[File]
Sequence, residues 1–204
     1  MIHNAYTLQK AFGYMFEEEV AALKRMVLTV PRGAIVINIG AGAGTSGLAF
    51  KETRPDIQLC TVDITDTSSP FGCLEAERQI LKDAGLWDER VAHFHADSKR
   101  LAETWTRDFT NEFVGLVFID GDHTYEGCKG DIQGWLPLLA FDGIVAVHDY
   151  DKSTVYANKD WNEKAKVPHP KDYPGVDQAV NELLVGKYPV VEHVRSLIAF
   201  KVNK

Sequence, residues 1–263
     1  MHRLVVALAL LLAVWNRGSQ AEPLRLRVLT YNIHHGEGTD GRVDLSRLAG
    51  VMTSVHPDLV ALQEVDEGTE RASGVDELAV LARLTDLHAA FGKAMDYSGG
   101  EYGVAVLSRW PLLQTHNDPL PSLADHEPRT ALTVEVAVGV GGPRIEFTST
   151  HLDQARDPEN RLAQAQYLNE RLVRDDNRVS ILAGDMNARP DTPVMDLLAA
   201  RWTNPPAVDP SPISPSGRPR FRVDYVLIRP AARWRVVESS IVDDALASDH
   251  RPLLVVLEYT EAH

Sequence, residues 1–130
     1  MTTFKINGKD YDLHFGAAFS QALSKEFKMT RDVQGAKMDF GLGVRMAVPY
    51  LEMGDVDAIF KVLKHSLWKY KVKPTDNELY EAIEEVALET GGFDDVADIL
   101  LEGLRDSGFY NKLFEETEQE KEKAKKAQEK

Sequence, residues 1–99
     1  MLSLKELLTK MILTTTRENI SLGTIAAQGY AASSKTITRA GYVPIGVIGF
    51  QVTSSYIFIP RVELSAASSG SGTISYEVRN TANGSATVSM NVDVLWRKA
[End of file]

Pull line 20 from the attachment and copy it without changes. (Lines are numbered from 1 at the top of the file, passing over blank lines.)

    51  QVTSSYIFIP RVELSAASSG SGTISYEVRN TANGSATVSM NVDVLWRKA